4.1 Role of D4Z4 transcription in FSHD pathogenesis

Initially, a putative promoter and the putative double homeodomain gene DUX4 were identified within each D4Z4 repeat unit. As D4Z4 was considered to be of heterochromatic nature, it was hypothesized that partial deletion of the D4Z4 repeat array resulted in destabilization of the D4Z4 heterochromatin and in the inappropriate upregulation of DUX4 [27;50]. DUX4 overexpression may induce cell death by apoptosis, induce caspase 3/7 activation and alter emerin distribution at the nuclear envelope [51]. In addition, DUX4 overexpression may activate PITX1 (paired-like homeodomain transcription factor 1), as was determined for both a reporter gene fused to the Pitx1 promoter and the endogenous Pitx1 gene. Interestingly, upregulation of the PITX1 protein was also observed in muscle biopsies of patients with FSHD [51;52].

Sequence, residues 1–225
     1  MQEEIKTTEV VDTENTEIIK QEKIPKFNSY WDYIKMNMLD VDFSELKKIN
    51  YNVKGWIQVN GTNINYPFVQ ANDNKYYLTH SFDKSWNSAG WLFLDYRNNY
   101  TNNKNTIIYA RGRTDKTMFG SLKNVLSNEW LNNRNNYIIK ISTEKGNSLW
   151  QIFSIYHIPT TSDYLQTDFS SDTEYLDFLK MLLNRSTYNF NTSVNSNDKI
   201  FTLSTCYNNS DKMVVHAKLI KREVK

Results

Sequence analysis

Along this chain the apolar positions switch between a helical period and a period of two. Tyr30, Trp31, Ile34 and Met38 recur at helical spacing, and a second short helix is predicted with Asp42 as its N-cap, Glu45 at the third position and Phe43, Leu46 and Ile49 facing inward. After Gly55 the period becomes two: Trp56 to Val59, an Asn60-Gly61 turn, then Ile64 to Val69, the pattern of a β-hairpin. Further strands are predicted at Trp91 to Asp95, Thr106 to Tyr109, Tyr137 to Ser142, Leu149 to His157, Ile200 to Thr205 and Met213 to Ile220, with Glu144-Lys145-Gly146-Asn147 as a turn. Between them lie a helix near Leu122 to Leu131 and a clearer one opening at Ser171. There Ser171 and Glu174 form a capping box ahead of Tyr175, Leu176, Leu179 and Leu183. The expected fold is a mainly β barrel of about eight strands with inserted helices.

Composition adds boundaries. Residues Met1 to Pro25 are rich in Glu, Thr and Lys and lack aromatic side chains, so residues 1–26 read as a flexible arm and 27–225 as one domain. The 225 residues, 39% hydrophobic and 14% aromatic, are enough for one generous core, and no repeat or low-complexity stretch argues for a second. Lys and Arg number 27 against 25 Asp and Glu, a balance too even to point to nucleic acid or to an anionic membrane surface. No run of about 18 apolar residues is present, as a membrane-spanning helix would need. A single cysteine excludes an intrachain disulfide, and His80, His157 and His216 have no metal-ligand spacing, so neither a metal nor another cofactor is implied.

Nevertheless, for a long time, the functionality of the DUX4 gene was questioned, because of lack of introns and polyadenylation signals and absence of evidence for in vivo transcription [27;50;5355]. Recently however, D4Z4 homologues have been identified in several mammalian species and it was established that the DUX4 open reading frame (ORF) shows evolutionary conservation, challenging the non-functionality of DUX4 and suggesting a coding role, possibly during development. Interestingly, not only the ORF of DUX4, but also their organization in an array is evolutionary conserved. Importantly, this study provided evidence for bidirectional transcription of the mouse Dux array [56]. Next, expression of two different DUX4 transcripts in cells transfected with D4Z4 elements and in FSHD myoblasts was reported. The first transcript lacks introns and is transcribed from internal D4Z4 repeat units, while the second transcript has two introns and is transcribed from the most distal D4Z4 repeat unit. Interestingly, the pLAM sequence distal to the second transcript may provide a polyadenylation signal. Thus far, DUX4 expression seems to be restricted to FSHD myoblasts [51;52]. As most homeodomain proteins have a function as transcriptional regulators in developmental processes, DUX4 expression may normally be restricted to embryogenesis [57]. In fact, the DUX4 homeodomain shares high homology with the homeodomain of the proteins Pax3 and Pax7, which are involved in the development of skeletal muscle [58].